Sophronia L. by Tim Bridwell brings the reader back to 19th century Americas, beginning off the coast of New England at a time when whaling is fading as the predominate method of obtaining oil, soon to be replaced by mountain drilling in Pennsylvania:
Sophronia Lambert, a schoolteacher on the island of Martha’s Vineyard, lives a quiet life; that is until Nantucket whaling captain James Folger comes ashore. Realizing he is the man who killed her deaf brother, she decides to pursue vengeance – first at home, then at sea-sailing to the far side of the world as his bride. As she grapples with madness and morality, Sophronia’s quest mirrors that of her island community: to find a way forward amidst the pressures of a brutal industry, a nation mired in Civil War, and a past darker than the ocean’s abyss.
When Sophronia Lambert elopes and joins the Eliza Jane as Captain Folger's wife, her uncle Keziah Lambert and her love interest, Absalom Cook, worry that she will be “lost at sea” as was her late brother, Jonathan. If Captain Folger doesn't murder her himself, Sophronia may fall victim to the mental illness that has plagued her since she found her mother dead at the hands of her father.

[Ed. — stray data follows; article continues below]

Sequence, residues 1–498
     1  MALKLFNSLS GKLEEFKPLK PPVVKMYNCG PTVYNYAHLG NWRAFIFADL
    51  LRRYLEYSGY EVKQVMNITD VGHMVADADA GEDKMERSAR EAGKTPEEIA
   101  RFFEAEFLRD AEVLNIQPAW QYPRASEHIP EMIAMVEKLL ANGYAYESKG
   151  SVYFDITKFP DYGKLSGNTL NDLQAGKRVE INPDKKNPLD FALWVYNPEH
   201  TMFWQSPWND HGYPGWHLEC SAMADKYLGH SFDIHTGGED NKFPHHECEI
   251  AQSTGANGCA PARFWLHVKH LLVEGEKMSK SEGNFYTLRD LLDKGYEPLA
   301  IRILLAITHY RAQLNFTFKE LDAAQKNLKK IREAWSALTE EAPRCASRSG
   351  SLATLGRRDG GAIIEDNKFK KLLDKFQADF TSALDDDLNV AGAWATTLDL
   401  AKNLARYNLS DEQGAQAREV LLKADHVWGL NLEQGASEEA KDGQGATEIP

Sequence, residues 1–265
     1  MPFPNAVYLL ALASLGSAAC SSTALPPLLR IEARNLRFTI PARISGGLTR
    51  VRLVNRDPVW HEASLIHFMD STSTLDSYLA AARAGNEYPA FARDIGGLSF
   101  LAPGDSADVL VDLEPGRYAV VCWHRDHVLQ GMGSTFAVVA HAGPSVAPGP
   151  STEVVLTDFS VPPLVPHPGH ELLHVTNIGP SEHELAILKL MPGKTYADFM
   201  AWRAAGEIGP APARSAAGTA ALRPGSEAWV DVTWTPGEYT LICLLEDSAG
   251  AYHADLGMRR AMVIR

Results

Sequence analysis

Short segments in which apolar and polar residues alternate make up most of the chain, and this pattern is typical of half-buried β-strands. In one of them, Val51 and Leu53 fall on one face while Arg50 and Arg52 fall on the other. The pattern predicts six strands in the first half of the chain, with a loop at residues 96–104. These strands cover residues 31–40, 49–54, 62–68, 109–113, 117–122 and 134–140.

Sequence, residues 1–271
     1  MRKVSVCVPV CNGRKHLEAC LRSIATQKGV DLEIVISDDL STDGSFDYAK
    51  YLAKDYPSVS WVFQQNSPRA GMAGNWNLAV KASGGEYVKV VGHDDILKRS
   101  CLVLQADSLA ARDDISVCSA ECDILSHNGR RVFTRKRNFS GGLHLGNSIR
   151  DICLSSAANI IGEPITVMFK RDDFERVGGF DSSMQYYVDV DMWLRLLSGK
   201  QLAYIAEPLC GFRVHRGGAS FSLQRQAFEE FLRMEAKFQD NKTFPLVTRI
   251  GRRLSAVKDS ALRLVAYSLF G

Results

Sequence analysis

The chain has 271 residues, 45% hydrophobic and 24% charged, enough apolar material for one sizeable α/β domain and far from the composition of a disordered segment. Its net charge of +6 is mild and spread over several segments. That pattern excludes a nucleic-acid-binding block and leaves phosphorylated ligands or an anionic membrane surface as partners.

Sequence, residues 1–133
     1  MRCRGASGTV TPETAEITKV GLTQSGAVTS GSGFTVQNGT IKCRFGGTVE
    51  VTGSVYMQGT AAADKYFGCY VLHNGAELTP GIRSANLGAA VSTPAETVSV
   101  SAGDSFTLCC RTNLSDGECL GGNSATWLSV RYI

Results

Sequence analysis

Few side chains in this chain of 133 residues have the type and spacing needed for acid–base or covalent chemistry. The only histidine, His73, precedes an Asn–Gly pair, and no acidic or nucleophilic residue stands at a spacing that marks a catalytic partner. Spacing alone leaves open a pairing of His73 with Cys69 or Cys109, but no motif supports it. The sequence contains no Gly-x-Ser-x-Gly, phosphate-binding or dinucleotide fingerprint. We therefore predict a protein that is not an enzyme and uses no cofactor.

Growing up on the small island of Martha's Vineyard is surely poor preparation for the brutality of an all-male crew set on the bloody business of whaling, as it proved to be for Sophronia's brother, except that this Lambert comes knowing that her true nemesis is the Quaker Captain who obsesses over numbers and superstition.
Bridwell's vividly poetic style draws the reader deep into the horrors of the human heart, whether it be Sophriona and Captain Folger's mental illnesses, the sailors' chauvinistic savagery, or the bloody process of spearing and stripping the soulful whales. But like Bridwell's realistic characters, his dark themes are tempered by the other side of humanity; the sudden joys, small pleasures, and even love. In this way, Sophriona's journey on board the Eliza Jane is like a mental breakdown, where she is separated from the two people who understand and love her most as she traverses what for her are uncharted waters.
Sophronia L. boasts the descriptive language of Hemingway and the complex drama of Faulkner, taking readers on a haunting journey through Sophronia's mental illness, manifest through her obsession with Captain Folger's death. I would absolutely recommend Sophronia L. as a superb novel for those who enjoy literary and historic fiction.
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Find out more about Tim Bridwell at [TimBridwell.com]